on finding your way

discovering the void in ourselves is just the start of the journey…

When I moved to Melbourne I planned to do a lot of writing. I imagined that this would be my biggest challenge and in a lot of ways it has been. For quite some time I found I couldn’t write. I’d get up in the mornings and sit at my desk ready and willing but no matter what I did, the words refused to join me. It was terribly distressing; I felt like a failure. It didn’t make sense. I knew what I wanted to say and was prepared to put in the hours, but it was as if the timing wasn’t right, as if the words weren’t ready. I didn’t just sit there of course, I did write some things. But everything I scribed seemed clumsy and jarred. Kind of like someone had taken a song I knew well and then played it back, slightly out of key.

And then poetry reared its pretty head. On the day it arrived, writing became easy. Now I can sit and pen two pieces over my muesli. It’s like whatever wind is blowing them in will not be stilled or quieted. Unfortunately, poetry takes a person nowhere but to the warm cave inside of themselves. It’s awfully snug, but it’s not the type of writing that can be rationalised; there’s no chance these words will prove in any way self sustaining.

And now I have a bigger problem. I am running out of money. Surprisingly, finding work in the city is difficult. Initially I’d imagined that supporting myself with casual teaching would be simple. I visited stacks of schools and was sure I’d soon begin to hear from them. I started waking at six am in anticipation for the phone call and I would iron my clothes in the evenings in readiness for a last minute rush. But no one rang. I sent follow up emails and heard nothing. I broadened my scope by venturing further afield and still the line remained silent.

The dwindling of finances has left me certain that contentment doesn’t come from opting out. Being poor is stressful. Jobs are necessary. The challenge isn’t in figuring out how to avoid work, but rather finding an occupation that will allow you to keep the actual fire burning while also fueling your spirit, making your insides warm. I miss working. I enjoy time spent writing but I miss the sharing. I miss other voices and the laughter. I miss making someone else a cup of tea and seeing the smile that thanks me. Truly, writing can be such a lonely pursuit.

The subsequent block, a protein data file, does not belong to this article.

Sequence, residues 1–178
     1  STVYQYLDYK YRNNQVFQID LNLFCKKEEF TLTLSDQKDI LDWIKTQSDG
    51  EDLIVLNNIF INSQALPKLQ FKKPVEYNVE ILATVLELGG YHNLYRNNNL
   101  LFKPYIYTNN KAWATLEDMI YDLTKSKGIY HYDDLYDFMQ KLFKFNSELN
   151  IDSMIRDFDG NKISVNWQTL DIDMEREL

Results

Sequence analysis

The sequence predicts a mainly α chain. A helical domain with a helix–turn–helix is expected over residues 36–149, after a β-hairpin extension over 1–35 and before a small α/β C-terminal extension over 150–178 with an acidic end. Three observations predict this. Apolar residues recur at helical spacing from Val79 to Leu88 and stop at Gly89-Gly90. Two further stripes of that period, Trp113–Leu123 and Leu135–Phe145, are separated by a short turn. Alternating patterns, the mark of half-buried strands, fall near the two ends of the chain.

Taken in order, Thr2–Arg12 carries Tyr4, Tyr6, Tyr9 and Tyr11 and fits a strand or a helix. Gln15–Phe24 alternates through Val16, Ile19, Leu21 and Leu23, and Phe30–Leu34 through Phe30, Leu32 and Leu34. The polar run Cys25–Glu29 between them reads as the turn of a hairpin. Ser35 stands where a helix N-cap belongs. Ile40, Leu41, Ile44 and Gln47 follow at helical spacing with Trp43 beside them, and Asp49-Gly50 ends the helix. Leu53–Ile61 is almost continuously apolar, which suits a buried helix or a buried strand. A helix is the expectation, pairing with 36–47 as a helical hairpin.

So a couple of weeks ago I decided it was time to begin to change some things. More than anything I suppose it was necessity that began to bump me outside of my box. I began applying for all types of jobs; not ones for which I’m acutely qualified, but ones I could imagine enjoying. This fortnight I have applied for upwards of ten non teaching jobs and I have grown unexpectedly excited by the prospect of being granted the opportunity to try something completely different.

This sudden feeling of hopefulness and exhilaration has led me to realise that somewhere along the line I’d lost track of what this year was about. To an extent, I’ve been waiting for fulfilment to kind of just rock up and join me while I go about the business of living. But I was being silly. If you want to be happy, you’ve got to bring it about for yourself. I don’t know why it’s taking me so long to realise that being passive doesn’t make things happen. I truly am the slowest of learners.

In the twenty first century it’s estimated that a person experiences an average of seven careers within their lifetime. These evolutions aren’t necessarily all radical; they may involve a promotion, for instance, or a change of duties within a profession. But the bottom line is that movement is an entirely normal element within the employment sphere. I’d come to this city searching for a change in scenery. It’s well and truly time to experiment with something new.

Some time after starting this journey, I forgot the point to it all. I’ve been dwelling on my need, rather than seeking my solution. This week I’ve come a little closer to synching with my purpose. And it feels good.

 

Have you undergone a career change during your working life? Were you glad that you did?

Peace and poetry, x

 

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